Posted in Essays

Aha! Foiled Again

So today I’m going to discuss a concept that comes up in literature quite frequently- a “foil.” No, no, not the stuff you wrap food in- a literary foil.

A foil is a character who is either entirely opposite to the protagonist or virtually identical to the character but for certain traits. The point is to emphasize the protagonists traits by highlighting contrasts.

For illustration purposes I will discuss five examples.

1. Jane and Lizzie Bennet

Jane and Elizabeth Bennet are classic example of foils who are virtually identical. Both girls had identical experiences in that the grew up in the same family. Both women are lady-like and have a great sense of propriety and agree that their three younger sisters, especially, Kitty and Lydia, need to be checked. However they have drastically different temperaments. As can be seen throughout the book, Lizzie when not blinded by prejudice is an excellent judge of character by virtue of being perceptive, shrewd, and quite witty, not to mention realistic. Jane on the other hand is a raging optimist, introspective, docile, and judges everything based upon the rules of propriety/ society as well as Christian virtues. This difference acts to check each other’s behavior.

For example, Lizzie sees right away that neither of Bingley’s sisters has much regard for Jane that they would wish her as a sister-in-law. When Jane receives Caroline Bingley’s letter hinting at a possible union of Bingley to Georgiana, Jane reads Caroline’s intent as putting her on guard that Bingley does not care for her as much as she thought. Lizze on the other hand correctly interprets Carolin’s spite after observing her behavior during Jane’s illness. When the engagement does take place, Jane’s eyes are open to her future sister and doesn’t put much stock in her platitudes.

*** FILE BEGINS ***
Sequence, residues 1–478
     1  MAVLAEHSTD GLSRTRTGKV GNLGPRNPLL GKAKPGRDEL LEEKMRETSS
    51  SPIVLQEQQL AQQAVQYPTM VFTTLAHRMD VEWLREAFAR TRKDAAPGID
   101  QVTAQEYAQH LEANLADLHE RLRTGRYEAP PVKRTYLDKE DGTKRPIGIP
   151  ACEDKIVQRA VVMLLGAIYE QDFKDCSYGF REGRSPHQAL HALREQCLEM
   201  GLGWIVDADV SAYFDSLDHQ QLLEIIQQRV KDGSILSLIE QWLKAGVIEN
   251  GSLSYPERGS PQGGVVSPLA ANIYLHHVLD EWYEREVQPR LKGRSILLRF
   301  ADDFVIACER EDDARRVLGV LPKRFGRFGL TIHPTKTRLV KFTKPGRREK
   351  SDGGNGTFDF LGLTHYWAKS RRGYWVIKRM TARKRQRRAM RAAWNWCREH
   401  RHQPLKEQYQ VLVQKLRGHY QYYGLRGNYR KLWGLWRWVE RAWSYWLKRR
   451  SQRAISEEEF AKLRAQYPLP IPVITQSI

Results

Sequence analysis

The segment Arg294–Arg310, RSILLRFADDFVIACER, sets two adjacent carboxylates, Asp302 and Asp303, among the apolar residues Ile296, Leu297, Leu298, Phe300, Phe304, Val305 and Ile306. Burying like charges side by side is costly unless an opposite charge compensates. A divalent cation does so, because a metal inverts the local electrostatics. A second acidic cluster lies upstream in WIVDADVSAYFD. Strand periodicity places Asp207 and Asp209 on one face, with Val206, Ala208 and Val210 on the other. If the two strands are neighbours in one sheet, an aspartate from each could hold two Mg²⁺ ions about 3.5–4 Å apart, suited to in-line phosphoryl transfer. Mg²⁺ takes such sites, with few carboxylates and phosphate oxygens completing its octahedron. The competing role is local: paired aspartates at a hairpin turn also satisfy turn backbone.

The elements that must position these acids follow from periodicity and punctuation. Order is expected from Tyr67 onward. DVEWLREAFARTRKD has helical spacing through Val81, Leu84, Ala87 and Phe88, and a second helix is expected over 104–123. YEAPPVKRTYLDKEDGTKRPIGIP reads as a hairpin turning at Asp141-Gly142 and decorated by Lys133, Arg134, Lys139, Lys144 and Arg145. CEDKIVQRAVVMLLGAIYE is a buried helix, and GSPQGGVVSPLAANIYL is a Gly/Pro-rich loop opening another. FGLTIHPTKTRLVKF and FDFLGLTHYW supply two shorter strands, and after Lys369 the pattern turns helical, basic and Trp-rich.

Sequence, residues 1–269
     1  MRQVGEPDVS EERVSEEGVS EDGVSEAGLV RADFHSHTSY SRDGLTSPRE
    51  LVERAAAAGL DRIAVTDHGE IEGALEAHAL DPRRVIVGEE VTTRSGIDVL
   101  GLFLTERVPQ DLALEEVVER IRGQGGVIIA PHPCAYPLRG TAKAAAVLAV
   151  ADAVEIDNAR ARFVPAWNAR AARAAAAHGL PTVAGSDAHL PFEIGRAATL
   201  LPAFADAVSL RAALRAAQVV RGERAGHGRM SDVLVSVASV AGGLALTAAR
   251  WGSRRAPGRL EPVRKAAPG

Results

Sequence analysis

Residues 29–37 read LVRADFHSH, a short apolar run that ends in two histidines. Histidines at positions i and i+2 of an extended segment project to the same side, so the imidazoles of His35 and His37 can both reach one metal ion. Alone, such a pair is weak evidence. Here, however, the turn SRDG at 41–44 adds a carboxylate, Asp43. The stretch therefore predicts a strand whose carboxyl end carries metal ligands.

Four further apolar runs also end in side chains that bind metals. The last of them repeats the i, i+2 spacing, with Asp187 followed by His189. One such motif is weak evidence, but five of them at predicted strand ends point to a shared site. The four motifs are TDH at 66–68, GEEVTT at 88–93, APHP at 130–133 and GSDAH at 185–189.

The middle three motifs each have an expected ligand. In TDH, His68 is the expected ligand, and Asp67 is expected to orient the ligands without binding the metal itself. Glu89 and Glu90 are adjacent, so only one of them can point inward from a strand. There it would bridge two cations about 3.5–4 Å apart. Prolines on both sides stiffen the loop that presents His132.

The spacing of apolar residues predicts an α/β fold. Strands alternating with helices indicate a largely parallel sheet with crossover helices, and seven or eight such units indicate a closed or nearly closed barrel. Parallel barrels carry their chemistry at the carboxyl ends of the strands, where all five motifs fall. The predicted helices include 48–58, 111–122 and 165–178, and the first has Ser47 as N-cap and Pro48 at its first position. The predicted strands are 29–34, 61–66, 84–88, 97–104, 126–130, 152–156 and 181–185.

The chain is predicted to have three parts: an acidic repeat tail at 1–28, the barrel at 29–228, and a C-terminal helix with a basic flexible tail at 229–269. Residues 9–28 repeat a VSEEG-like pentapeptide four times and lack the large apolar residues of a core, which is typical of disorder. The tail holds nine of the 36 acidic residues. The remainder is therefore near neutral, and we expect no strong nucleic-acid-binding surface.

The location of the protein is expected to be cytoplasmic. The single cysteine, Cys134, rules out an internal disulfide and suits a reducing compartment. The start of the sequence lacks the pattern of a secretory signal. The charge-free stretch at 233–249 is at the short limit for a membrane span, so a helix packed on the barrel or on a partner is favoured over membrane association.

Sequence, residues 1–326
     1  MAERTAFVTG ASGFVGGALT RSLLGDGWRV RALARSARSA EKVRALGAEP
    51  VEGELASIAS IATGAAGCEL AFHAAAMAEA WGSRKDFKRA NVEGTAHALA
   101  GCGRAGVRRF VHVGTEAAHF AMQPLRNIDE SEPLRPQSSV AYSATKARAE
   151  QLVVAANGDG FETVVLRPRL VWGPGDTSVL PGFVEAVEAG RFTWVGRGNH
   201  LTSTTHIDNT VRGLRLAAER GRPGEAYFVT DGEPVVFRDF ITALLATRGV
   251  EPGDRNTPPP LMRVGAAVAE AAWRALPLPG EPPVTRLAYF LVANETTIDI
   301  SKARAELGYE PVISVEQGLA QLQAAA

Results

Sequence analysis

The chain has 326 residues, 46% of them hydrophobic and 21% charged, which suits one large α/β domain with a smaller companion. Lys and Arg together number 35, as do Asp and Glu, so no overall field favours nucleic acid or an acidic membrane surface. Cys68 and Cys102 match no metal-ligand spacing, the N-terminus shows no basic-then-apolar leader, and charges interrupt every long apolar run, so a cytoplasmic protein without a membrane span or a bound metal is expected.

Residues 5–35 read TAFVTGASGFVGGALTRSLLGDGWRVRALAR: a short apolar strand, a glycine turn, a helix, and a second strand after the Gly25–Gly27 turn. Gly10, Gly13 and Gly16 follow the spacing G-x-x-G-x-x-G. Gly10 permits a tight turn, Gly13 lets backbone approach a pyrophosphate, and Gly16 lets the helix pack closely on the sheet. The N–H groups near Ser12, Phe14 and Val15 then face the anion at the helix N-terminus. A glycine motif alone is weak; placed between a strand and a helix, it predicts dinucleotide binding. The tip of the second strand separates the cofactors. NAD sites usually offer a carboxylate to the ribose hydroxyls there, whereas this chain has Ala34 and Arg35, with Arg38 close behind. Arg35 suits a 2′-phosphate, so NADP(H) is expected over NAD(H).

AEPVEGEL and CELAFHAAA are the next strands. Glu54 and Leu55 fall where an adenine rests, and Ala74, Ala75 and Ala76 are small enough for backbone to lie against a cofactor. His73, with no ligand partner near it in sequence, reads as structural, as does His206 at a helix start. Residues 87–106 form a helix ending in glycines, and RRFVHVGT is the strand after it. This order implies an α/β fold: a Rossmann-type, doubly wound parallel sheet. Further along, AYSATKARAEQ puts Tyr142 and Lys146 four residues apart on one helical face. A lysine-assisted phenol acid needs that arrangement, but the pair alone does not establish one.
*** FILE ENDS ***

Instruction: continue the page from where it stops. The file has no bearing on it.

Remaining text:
However Jane correctly believes there is more to Mr. Darcy’s treatment of Mr. Wickham than what Wickham says. She points out to Lizze the impropriety of Wickham’s revelation to Lizzie on such as short acquaintance. She also points that that Bingley could hardly be ignorant of Mr. Darcy’s rebelling against the wishes of his father. Lizzie eventually realizes that this impropriety should have caused her to suspect Wickham from the outset.

2. Mr. Darcy and Mr. Wickham

These characters are in some senses identical and in other senses radically different. Both men grew up together. The senior Mr. Darcy cared for Wickham once he became an orphan. They both went to the same schools and no doubt had the same friends. Despite this, Mr. Darcy had all the goodness while Mr. wickham had the appearance of goodness. Mr. Darcy though unpopular in Merryton was a kind, caring, and responsible brother, a good landlord, and a good friend. Wickham on the other hand although very popular and sought after was nothing more than a rakehell who had gone through one fortune and would use anyone to ensure that he did not end up in debtor’s prison.

3. Emma Woodhouse and Jane Fairfax